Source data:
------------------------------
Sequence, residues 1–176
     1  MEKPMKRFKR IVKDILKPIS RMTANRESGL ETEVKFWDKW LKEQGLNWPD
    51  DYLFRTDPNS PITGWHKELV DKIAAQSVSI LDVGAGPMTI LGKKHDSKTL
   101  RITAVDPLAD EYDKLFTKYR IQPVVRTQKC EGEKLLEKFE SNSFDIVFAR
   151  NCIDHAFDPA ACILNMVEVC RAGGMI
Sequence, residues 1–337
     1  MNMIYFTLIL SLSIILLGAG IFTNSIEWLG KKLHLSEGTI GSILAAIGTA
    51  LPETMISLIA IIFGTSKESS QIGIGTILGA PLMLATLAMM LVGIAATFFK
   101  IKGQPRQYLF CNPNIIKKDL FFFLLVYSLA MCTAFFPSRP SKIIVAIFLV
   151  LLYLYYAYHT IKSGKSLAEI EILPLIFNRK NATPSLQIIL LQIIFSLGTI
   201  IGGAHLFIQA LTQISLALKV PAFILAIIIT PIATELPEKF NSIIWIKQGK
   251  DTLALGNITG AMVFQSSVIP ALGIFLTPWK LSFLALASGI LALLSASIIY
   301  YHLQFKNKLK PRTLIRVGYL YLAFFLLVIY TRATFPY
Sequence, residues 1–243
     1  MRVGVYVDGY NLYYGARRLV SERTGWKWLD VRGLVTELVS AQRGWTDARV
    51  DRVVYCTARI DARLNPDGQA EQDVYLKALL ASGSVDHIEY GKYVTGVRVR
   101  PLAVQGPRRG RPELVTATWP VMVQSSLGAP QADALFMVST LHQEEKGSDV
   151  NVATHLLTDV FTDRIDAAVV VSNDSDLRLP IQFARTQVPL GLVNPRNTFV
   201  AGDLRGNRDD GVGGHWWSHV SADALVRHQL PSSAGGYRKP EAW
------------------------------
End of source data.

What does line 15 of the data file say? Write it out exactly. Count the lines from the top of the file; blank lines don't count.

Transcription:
     1  MRVGVYVDGY NLYYGARRLV SERTGWKWLD VRGLVTELVS AQRGWTDARV